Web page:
Tom Davies takes a look at the ever-growing issue of separating ground and club ownership
The pitfalls of separating ground and club ownership have been well documented in recent months, at Crystal Palace and Southend among others, and it’s causing anxiety at Yeovil Town too. The League One club agreed in June to hive off Huish Park and its surrounding land to a separate company, Yeovil Town Holdings Ltd, in order to “realise the development potential of the site”, according to the club.
Yeovil argue that the creation of the company (92 per cent owned by Yeovil chairman John Fry and director Norman Hayward) will make it easier to attract investors, but supporters are concerned that this could store up problems for the future, even though Yeovil’s current situation is relatively stable. Requests for a public meeting from the London-based fans group Capital Glovers have also fallen on deaf ears, though the club did offer private talks. Fans also want to know more details about the value of the transfer, and the valuation placed on the land. After all, the oft-touted benefits of purpose-built out-of-town stadiums such as Huish Park tend to include the capacity to generate revenue directly for clubs from non-footballing sources.
As Capital Glovers have asked: “Where do the rights to income generated from the site reside... what protection, if any, will be put in place for when, as is inevitable at some time in the future, Yeovil Town Holdings Limited passes into other hands?” The club dismiss such worries by saying that 45 of the 92 League clubs have similar arrangements, though whether that’s reassuring is a matter of opinion.
As it was Non-League Day the other week, there are two contrasting ownership tales deep in the Ryman Premier League, at Croydon Athletic and Hendon. Croydon’s future is now in grave doubt following the allegations about the involvement of their owner, Mazhar Majeed, in the Pakistan cricket betting scandal. During the News of the World’s sting, Majeed was also caught apparently boasting that the sole reason he bought the football club, in July 2008, was to launder money made from match-fixing.
An apparently considerable spending splurge since the takeover brought promotion to the Ryman Premier League, but Majeed’s recent arrest on a charge of conspiracy to defraud bookmakers has thrown the future of the club into doubt. (HM Revenue and Customs are also investigating.) Wages went unpaid in August, manager Tim O’Shea and assistant Neil Smith departed at the start of this month, Croydon’s September league fixtures against Tooting & Mitcham and Sutton were postponed and they have withdrawn from the FA Cup.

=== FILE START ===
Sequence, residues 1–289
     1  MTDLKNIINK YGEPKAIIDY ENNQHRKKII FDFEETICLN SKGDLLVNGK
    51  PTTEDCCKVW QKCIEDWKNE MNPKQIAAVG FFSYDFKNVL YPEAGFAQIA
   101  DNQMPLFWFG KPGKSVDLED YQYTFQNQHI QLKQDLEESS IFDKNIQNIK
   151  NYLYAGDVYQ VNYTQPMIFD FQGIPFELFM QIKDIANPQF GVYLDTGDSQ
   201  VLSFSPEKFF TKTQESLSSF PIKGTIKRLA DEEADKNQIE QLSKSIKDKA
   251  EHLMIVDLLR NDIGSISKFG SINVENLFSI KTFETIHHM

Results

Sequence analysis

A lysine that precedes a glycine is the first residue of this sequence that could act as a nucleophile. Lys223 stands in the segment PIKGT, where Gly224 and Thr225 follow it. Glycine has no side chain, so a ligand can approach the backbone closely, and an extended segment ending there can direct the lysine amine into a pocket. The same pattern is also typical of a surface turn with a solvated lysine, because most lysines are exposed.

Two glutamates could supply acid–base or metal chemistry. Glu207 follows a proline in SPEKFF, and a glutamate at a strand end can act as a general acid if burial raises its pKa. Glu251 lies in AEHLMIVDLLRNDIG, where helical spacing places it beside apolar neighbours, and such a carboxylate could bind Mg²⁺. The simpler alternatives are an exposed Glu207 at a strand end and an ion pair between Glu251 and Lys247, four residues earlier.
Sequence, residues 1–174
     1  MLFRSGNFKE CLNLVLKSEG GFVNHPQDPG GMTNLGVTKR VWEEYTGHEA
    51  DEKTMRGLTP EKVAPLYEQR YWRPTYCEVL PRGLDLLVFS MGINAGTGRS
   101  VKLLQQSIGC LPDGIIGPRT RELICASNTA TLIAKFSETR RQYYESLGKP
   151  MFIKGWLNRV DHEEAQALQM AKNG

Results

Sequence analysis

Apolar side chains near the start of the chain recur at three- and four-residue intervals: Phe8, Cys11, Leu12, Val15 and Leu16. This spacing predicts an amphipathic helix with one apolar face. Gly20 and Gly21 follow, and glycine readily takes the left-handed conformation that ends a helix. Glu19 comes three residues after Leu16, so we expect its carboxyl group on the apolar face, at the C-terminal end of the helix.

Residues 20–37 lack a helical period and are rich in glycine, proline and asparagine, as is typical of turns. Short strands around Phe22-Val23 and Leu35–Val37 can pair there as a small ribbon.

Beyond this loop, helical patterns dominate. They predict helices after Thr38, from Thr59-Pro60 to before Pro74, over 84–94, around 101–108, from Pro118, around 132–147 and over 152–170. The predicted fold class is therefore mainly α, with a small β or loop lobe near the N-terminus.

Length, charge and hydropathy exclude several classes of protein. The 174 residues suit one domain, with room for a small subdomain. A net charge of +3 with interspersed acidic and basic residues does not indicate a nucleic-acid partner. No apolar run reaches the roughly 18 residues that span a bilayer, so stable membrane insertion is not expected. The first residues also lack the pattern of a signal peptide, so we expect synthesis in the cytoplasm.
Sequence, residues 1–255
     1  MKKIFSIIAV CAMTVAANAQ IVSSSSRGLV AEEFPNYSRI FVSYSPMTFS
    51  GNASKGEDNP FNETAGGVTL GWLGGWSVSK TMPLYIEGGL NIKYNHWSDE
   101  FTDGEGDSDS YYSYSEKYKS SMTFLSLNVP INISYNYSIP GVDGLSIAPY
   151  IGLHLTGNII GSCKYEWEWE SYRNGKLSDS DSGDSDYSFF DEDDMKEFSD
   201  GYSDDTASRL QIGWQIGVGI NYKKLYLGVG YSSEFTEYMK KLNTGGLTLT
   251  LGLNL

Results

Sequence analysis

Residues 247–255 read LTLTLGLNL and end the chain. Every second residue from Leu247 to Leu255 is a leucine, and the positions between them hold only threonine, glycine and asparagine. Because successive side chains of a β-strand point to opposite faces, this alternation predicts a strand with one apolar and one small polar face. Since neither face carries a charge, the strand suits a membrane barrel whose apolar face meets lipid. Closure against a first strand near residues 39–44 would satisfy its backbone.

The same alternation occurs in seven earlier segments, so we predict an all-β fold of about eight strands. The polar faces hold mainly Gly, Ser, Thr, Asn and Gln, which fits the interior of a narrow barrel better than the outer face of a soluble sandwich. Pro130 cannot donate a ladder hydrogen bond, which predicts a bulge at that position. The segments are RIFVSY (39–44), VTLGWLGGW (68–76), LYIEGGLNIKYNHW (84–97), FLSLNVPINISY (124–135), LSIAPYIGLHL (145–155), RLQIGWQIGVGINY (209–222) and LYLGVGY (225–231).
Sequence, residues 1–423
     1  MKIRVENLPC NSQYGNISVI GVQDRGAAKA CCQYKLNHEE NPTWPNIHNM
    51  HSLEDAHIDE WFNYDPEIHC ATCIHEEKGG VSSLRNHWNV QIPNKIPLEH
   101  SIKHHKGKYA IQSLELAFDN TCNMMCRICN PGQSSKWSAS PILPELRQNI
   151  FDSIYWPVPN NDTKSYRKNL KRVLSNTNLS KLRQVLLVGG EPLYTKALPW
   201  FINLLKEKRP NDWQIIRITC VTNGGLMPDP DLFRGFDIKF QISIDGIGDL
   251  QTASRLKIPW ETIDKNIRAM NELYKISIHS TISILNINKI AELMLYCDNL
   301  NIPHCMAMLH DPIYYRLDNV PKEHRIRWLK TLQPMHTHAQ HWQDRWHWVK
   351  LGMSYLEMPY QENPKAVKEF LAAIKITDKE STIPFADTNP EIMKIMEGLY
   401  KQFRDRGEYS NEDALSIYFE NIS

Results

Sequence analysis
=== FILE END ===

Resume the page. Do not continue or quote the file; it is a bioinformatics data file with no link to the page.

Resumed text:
Not that Majeed’s precise position at the club was crystal clear. According to Companies House, the club’s sole director is not Majeed, but Jenna Manji, a “consultant” and owner of 92 per cent of the shares. Croydon are thought to be at least £400,000 in the red and it’s difficult to see how the club can continue.
In contrast, Hendon have been taken over by their supporters’ trust after a protracted period of uncertainty sparked by the club’s eviction from their former ground, Claremont Road. Hendon left their long-standing home in 2008 as the ground’s owners, the Arbiter Group, planned to develop the site for housing, although as a result of the property slump the site remains empty and derelict. In the meantime Hendon have settled on a groundsharing deal at Wembley’s Vale Farm ground, signed at the start of last season and lasting three years. “We are starting from scratch in terms of corporate sponsorship and advertising,” admitted the trust’s Simon Lawrence, now chairman of the football club. “But at last we are the masters of our own destiny.”
There has also been a fan takeover at Stirling Albion, following a high-profile and celebrity-backed campaign to wrest control of the imperilled Scottish First Division club from chairman Peter McKenzie. Matters came to a head during the close season when, with debts mounting and an unnamed Scottish Premier League club circling with a plan to turn Albion into a nursery club, McKenzie agreed a deal with the Stirling Albion supporters’ trust in which he agreed to write off £1.2 million of debt and sell out to the trust for a £300,000 one-off payment.
None of this has eliminated Stirling’s financial difficulties. Talks are ongoing with the local council to forestall any legal action on the £110,000 rent the authority is owed and around two-thirds of the takeover funds came in the form of interest-free loans from trust members that will have to be repaid. This in turn is likely to mean a season of struggle for a side that won promotion only last year.
The trust’s policy of seeking high-profile membership from luminaries such as Cristiano Ronaldo and Andy Murray might raise some doubts about long-term sustainability – not to mention the earlier touting of selling club naming rights. Club spokesman Paul Goodwin insists, however, that the long-term commitment and planning is there and the trust has already assembled a team of around 65 volunteers contributing to the various commercial, legal, administrative and media arms of the club.
From WSC 284 October 2010